Impact of Interprofessional Education for Medical and Nursing Students using Simulation Training and a Training Ward: A German Pilot StudyAdina Dreier-Wolfgramm1*, Sabine Homeyer1, Angelika Beyer1, Stefanie Kirschner1, Roman F. Oppermann2, and Wolfgang Hoffmann1
- *Corresponding Author:
- Adina Dreier-Wolfgramm
Department of Epidemiology of Healthcare and Community Health
Institute for Community Medicine, University Medicine Greifswald
Ellernholzstr. 1-2, 17487, Greifswald, Germany
E-mail: [email protected]
Received Date: November 21, 2016; Accepted Date: December 23, 2016; Published Date: December 26, 2016
Citation: Dreier-Wolfgramm A, Homeyer S, Beyer A, Kirschner S, Hoffmann W, et al. (2016) Impact of Inter Professional Education for Medical and Nursing Students using Simulation Training and a Training Ward: A German Pilot Study. J Health Educ Res Dev 4:200. doi: 10.4172/2380-5439.1000200
Copyright: © 2016 Dreier-Wolfgramm A, et al. This is an open-access article distributed under the terms of the Creative Commons Attribution License, which permits unrestricted use, distribution, and reproduction in any medium, provided the original author and source are credited.
Background: Interprofessional teamwork has become increasingly important to provide patient centered care. Physicians and nurses as two major professions are needed to be adequately qualified. Interprofessional Education (IPE) is an eligible approach. Nevertheless, there is a lack of the impact for both professions. Therefore, we implemented and evaluated simulation training and a collaborative working sequence on a training ward. The aim was to analyze the course structure and assess learning effects to evaluate the suitability for IPE.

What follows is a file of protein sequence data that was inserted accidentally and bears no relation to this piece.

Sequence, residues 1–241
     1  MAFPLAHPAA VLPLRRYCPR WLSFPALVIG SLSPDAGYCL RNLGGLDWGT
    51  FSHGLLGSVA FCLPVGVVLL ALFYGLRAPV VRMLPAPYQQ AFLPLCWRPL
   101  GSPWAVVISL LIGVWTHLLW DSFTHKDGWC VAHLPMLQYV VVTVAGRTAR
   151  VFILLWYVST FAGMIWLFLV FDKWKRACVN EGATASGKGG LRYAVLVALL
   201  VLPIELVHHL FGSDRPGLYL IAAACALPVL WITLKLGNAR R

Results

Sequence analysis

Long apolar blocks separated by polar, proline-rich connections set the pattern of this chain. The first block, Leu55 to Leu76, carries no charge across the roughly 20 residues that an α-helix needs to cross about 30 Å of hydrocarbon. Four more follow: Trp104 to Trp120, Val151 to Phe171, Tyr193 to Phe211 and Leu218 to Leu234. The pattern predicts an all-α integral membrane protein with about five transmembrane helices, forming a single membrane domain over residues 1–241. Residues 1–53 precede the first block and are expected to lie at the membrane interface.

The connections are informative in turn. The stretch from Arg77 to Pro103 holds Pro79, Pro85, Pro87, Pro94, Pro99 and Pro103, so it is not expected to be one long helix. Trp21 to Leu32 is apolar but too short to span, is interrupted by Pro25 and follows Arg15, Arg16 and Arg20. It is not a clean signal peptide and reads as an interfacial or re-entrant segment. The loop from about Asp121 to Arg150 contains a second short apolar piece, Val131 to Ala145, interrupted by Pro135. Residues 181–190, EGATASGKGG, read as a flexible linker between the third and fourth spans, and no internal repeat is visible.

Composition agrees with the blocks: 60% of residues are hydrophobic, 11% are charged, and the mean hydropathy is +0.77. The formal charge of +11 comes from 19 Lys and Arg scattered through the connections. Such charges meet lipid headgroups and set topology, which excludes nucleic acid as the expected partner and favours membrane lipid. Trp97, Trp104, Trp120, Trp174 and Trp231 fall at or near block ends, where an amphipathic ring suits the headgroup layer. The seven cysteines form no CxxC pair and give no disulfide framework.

Methods: A mixed methods study with a sequential explanatory design was conducted. A total of five medical and five nursing students were involved. Students completed questionnaire based interviews after IPE lectures. Two group discussions were conducted to specify and expand quantitative evaluation results. For descriptive statistics, we used the software package SPSS. Both group discussions were analyzed by a qualitative content analysis using the software MAXQDA.
Results: Students rated IPE predominantly positive. The learning contents broadness and the links between theory and practice. Students identified six core learning effects: (1) Realization of the importance for collaborative working; (2) Gaining knowledge about the roles of both professions; (3) Realization, that interprofessional care facilitates work; (4) Practicing communication between physicians and nurses; (5) Improving collaborative communication with the patient; and (6) Understanding chances and challenges of joint decision making. Nevertheless, students suggested improvements, e.g., the scenarios of the simulation training should be expanded.
Conclusion: The results provide clear evidence that IPE by simulation training and a training ward is feasible and well accepted by students in a German medical school. Results can be used to adapt IPE lectures and to implement them for a larger number of students. The next step is to generalize findings and to sustainably implement IPE in both curricula.